Climate package will increase jobs but slow Germany's economic growth – analysis
Clean Energy Wire
Germany's climate package will create more jobs than a business-as-usual scenario while it is overall expected to have a slightly negative effect on economic growth, shows an analysis by the Institute for Employment Research (IAB). The analysis foresees a loss of around four billion euros in Germany's gross domestic product (GDP) by 2032, a drop that the institute calls "very insignificant" compared to Germany's overall GDP. Particularly two measures – the national CO2 price and incentives for the renewal of heating systems – are expected to affect jobs, as they influence the labour-intensive building industry. Although the IAB's researchers expect the climate package to have a relatively small effect on economic growth and employment, it will still create substantial structural change in the labour market, where 44,000 jobs are expected to be cut and 70,000 created.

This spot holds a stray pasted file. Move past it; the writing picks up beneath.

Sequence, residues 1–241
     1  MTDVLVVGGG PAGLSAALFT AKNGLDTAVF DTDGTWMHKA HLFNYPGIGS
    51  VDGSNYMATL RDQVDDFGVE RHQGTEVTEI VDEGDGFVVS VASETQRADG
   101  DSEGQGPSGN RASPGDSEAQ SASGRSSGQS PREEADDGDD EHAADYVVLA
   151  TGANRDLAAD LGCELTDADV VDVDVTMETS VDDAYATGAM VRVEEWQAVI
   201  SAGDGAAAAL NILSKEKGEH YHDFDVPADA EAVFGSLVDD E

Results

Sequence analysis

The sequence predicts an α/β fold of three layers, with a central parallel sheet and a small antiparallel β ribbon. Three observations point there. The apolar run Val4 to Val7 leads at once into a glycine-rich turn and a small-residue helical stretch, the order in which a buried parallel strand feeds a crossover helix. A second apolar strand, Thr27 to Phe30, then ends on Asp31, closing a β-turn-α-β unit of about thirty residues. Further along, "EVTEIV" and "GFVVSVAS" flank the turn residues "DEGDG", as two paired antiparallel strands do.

The government released the climate pacakge in September 2019 in a bid to set Germany on track towards reaching its international emission reduction obligations, with the carbon pricing scheme in the transport and buildings sector being a key component supposed to be implemented over the course of the next years. However, following heavy criticism of the initial carbon price's relatively low level, the federal parliament in December 2019 decided to raise it.